Posted in Second Life

Making a Second Life Mesh House in Blender – Part 1: The Very Basics

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I’ve always wanted to learn how to build mesh in Second Life. I’m pretty good at moving things, sizing things, and doing things with prims in world, but mesh is a whole different animal. Reading up, I see folks say, “Learn Blender! It has a learning curve, but it’s worth it!”

So, yesterday, I dove into Blender for several hours to do just that.

Disclaimer: I am a 100% Blender noob. So this is for the noob by the noob. 

Everything I’m writing here is super, super basic for people who are like me — struggling just to do something with the program. I’ve tried to mess with Blender before, but the UI and the lack of user-friendliness always left me baffled. This time, I put my nose to the grindstone, pulled up a bunch of videos and Google searches, and ended up with an actual textured mesh structure Second Life by the end of the night! Woo!

About Blender

Blender is a free 3D modeling program for anyone to download. So pick it up here.

The version of Blender I’m using for this tutorial is v2.79.

It’s wonky to learn. It doesn’t control anything like other programs I’ve used. The things that got me from the start were:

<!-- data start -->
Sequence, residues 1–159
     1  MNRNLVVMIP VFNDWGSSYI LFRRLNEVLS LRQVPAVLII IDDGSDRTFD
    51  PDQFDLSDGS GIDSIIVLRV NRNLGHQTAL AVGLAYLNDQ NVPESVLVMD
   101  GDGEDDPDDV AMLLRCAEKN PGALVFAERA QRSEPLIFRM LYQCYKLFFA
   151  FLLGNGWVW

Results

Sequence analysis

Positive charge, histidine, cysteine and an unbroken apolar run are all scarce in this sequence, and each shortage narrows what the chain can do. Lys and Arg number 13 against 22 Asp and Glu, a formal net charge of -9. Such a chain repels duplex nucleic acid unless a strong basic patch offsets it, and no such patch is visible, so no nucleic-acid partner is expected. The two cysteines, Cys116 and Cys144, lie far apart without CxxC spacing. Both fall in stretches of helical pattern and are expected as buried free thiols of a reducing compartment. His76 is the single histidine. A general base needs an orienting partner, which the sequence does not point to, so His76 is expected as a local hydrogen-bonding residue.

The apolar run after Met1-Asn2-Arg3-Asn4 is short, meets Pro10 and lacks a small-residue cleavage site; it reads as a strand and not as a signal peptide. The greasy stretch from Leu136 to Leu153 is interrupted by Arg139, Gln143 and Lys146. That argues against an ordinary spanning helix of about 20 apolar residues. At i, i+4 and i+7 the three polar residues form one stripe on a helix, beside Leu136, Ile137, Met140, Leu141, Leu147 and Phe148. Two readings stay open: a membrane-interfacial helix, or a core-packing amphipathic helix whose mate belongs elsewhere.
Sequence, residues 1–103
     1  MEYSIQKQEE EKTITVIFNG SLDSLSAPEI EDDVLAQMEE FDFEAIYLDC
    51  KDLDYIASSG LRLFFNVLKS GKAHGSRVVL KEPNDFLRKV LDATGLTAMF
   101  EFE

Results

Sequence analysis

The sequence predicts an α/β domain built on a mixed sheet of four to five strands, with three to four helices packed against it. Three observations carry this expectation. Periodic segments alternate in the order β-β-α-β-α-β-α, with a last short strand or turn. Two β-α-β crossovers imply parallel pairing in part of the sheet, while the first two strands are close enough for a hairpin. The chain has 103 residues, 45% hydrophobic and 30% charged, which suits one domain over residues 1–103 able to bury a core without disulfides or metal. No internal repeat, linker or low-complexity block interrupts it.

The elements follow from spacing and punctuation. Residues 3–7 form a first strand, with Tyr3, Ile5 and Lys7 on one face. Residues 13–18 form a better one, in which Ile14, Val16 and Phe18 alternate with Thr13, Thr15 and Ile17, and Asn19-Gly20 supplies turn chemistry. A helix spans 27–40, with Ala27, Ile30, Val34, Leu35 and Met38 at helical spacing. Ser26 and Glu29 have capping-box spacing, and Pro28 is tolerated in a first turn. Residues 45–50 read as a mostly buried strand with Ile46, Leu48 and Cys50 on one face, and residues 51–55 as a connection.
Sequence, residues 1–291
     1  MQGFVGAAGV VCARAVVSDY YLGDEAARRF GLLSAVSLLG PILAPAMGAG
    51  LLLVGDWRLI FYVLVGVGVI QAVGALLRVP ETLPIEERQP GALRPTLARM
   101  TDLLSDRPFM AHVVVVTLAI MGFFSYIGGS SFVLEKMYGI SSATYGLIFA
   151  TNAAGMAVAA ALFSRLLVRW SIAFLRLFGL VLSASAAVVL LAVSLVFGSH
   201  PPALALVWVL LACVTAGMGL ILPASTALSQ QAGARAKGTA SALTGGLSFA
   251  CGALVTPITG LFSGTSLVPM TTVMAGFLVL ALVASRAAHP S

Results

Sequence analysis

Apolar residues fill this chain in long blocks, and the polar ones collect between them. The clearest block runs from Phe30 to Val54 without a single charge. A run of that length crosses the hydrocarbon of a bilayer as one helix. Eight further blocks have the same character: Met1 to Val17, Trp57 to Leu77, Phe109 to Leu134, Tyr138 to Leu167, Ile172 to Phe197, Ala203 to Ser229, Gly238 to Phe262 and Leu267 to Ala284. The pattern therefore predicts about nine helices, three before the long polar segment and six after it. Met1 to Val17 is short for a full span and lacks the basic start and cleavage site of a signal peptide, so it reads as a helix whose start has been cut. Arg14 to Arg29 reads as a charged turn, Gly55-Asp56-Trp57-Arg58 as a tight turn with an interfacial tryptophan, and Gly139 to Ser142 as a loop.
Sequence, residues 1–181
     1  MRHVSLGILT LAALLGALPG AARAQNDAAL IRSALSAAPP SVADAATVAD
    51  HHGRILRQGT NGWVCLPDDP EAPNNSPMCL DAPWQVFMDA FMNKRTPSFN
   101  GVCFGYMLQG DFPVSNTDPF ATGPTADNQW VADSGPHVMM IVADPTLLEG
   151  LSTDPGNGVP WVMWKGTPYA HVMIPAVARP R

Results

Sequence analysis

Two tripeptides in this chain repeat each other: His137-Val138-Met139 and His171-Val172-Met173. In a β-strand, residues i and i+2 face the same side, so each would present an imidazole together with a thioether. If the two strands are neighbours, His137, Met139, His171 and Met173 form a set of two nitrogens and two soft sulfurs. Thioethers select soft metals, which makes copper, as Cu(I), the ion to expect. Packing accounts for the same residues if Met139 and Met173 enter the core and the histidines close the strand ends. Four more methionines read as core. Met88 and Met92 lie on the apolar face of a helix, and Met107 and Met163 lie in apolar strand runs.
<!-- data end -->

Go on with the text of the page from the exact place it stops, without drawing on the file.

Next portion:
• You select stuff with the right mouse button instead of the left.
  • Things that should be easy to do feel more difficult than they should be.
  • Blender asks you to remember keystrokes to do stuff. So memorize them!

But all of this can be overcome. Here’s a little cheat sheet of very basic info I learned that I want to dump here for my own reference, and for yours if you need it.

Save, Save, Save!

Did you get something going that looks pretty good? The project going well?

Save it!

Save often!

Save as many different files as you progress. Verson 1. V2. V3….

There were too many times I had to go back to an old save because I messed something up and had no idea how to fix it as a Blender noob.

Did I mention save?

Blender Modes